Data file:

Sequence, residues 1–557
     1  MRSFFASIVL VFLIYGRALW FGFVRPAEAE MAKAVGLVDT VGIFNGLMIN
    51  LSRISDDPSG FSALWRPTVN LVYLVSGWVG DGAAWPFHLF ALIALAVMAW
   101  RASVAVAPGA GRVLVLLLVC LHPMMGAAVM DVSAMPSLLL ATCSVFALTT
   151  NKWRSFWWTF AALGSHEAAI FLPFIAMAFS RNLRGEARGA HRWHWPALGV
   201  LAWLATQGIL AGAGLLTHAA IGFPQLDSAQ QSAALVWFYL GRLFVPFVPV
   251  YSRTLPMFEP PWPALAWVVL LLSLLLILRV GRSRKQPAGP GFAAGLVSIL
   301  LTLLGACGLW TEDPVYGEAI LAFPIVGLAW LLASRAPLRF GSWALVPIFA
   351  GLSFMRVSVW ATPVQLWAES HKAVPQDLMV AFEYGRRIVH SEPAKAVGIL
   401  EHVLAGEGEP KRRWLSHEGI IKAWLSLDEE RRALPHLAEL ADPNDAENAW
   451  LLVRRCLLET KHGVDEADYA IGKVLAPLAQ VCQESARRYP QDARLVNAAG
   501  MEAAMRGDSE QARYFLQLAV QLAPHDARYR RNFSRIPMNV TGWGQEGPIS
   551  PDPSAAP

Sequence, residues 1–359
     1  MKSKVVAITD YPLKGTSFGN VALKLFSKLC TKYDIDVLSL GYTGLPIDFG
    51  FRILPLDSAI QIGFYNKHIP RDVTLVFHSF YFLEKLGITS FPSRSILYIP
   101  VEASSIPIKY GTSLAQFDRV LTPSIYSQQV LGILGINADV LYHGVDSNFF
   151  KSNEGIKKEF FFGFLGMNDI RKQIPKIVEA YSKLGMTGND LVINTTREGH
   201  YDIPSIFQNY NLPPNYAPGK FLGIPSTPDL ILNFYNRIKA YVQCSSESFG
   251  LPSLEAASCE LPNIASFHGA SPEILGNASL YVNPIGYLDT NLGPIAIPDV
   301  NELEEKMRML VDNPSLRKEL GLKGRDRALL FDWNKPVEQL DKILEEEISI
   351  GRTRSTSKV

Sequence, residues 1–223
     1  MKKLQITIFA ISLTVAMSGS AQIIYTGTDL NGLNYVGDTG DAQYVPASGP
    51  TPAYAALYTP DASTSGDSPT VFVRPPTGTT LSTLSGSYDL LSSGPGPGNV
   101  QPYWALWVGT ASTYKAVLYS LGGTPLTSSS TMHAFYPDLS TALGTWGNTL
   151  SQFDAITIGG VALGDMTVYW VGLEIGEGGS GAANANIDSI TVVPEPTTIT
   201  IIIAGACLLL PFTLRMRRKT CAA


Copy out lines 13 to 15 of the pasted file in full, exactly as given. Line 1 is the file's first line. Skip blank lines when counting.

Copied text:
   551  PDPSAAP

Sequence, residues 1–359
     1  MKSKVVAITD YPLKGTSFGN VALKLFSKLC TKYDIDVLSL GYTGLPIDFG